Access to medicines after TRIPS: Is compulsory licensing an effective mechanism to lower drug prices? A review of the existing evidence

Eduardo Urias*, Shyama V. Ramani

*Corresponding author for this work

Research output: Contribution to journal(Systematic) Review article peer-review

13 Citations (Web of Science)


While Trade-Related Aspects of Intellectual Property Rights (TRIPS) was expected to hike up prices of patented medicines, there was no consensus on its likely final impact on access, because the agreement housed instruments to address this challenge. For instance, compulsory licensing, through the facilitation of price reductions, was considered to be an important countermeasure. However, little is known about the extent to which compulsory licensing has actually been effective in reducing prices of much-needed patented drugs. To fill this gap, this paper undertakes a systematic-review of the existing evidence on the impact of compulsory licensing on drug prices. Retrieval and analysis of 51 observations of pre- and post-compulsory licensing prices indicate that a compulsory licensing event is likely to reduce the price of a patented drug, albeit with some caveats. Moreover, compulsory licensing procurement from the international market is likely to be more effective in reducing drug prices than contracts to local companies. These findings are reconfirmed in the race to improve access to Remdesivir for hospitalized COVID-19 patients. Clearly, the future incidence and impact of compulsory licensing will depend on further possible procedural refinements to ease its implementation, the development of technological and manufacturing capabilities in developing countries, and the importance of biologics among life-saving drugs.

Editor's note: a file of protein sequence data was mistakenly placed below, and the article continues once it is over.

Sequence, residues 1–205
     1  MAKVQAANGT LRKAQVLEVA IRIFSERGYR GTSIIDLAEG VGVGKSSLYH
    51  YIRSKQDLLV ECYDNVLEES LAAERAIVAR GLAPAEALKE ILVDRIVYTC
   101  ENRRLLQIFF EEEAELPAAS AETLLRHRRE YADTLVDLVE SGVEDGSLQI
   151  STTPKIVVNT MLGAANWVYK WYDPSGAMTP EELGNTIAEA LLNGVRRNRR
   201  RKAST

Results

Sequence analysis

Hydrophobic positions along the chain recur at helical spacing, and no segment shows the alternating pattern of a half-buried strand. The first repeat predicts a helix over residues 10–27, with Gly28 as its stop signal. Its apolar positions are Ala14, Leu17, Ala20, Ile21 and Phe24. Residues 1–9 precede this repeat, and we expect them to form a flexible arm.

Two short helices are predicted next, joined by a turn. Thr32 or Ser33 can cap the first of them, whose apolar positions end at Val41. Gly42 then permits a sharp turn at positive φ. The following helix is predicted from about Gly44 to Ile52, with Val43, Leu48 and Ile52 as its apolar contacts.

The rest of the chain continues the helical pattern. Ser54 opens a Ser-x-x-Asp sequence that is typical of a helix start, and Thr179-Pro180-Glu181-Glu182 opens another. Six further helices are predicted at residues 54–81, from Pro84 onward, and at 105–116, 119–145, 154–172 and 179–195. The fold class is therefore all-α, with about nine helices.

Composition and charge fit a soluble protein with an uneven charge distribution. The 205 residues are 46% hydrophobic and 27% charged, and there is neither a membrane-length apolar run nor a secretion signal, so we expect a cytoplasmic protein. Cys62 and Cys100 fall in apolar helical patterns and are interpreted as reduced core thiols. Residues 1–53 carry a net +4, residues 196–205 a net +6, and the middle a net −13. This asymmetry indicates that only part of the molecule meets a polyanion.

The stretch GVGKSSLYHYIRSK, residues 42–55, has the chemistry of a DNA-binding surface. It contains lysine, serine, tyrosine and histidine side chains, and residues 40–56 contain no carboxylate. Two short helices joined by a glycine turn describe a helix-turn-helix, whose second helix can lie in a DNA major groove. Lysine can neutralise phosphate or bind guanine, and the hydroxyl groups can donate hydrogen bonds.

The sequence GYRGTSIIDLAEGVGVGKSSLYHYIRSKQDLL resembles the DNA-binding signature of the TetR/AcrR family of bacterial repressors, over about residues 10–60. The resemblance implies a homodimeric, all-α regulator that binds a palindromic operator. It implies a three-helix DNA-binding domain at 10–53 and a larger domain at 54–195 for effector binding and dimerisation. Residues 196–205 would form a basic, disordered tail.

Original languageEnglish
Pages (from-to)367-384
Number of pages18
JournalJournal of International Business Policy
Issue number4
Publication statusPublished - Dec 2020


  • compulsory licensing
  • access to medicines
  • intellectual property protection
  • systematic review
  • pharmaceutical industry

Cite this